# BLOG: Heidelberg Laureate Forum

Laureates of mathematics and computer science meet the next generation

Between me and my friends, many of whom are mathematicians, there is a long-standing tradition of passing around puzzles. If one of us hears about an interesting puzzle, it gets handed around until everyone has had a chance to play with it. In that spirit I would like to share with you a lovely puzzle I learned about a long while ago, have shared with many people since and have recently been reminded of.

The puzzle can be formulated in many different ways, but one presentation is as follows: 100 light bulbs are numbered 1-100, and each has a switch underneath it. The switches are toggles, so when they are pressed they turn the light on if it was turned off, and turn the light off if it is already on.

In this scenario, 100 people are also each assigned numbers from 1-100, and they each go into the room with the 100 light switches and press all the switches which are a multiple of their own number: person 1 would have a busy time pressing every single switch, person 2 hits every other switch, person 3 visits every third switch, and so on. Some might be turning lights off, others will be turning them on, and some might do a mixture.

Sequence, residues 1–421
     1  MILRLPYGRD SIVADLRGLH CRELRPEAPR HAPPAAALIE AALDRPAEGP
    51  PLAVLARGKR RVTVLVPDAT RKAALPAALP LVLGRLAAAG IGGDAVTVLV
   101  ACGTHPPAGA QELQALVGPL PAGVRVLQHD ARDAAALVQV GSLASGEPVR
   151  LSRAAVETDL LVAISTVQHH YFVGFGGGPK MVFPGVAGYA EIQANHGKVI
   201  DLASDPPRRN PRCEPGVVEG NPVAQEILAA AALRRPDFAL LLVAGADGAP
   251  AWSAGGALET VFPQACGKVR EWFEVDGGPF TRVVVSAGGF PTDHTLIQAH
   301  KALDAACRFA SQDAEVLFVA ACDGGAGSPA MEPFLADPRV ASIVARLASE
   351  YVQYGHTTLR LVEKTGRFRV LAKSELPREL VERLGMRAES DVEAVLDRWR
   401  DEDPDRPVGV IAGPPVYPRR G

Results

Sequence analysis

The room starts with all 100 lights switched off, and all 100 people go through the room exactly once. The question is then, which lights will be switched on after everyone has had a go? Take a minute to think about it now, and I will add some more observations and context before sharing a solution.

### Illuminating the Problem

With a mathematical puzzle, it is often productive to start by working through the first few steps: what happens when the first few people pass through? Person 1 will hit every button and switch all the lights from off to on. Then person 2 comes through, and turns off every second light; the even-numbered lights will be off, and the odd-numbered lights will remain on.

The problem gets less simple when person 3 enters: they switch every multiple of three, which will mean any odd multiple of three will get switched off, and any even multiple of three (which will have been switched off by person 2’s efforts) gets switched on.

As we introduce more people, the pattern of lights left on and switched off becomes more and more complicated, to the point where it is not easy to keep track any more: a light will be on after person 4 if it is either an odd number that did not get switched off by person 3, or an even multiple of three that is not also a multiple of 4 … maybe we need a simpler way to think about it.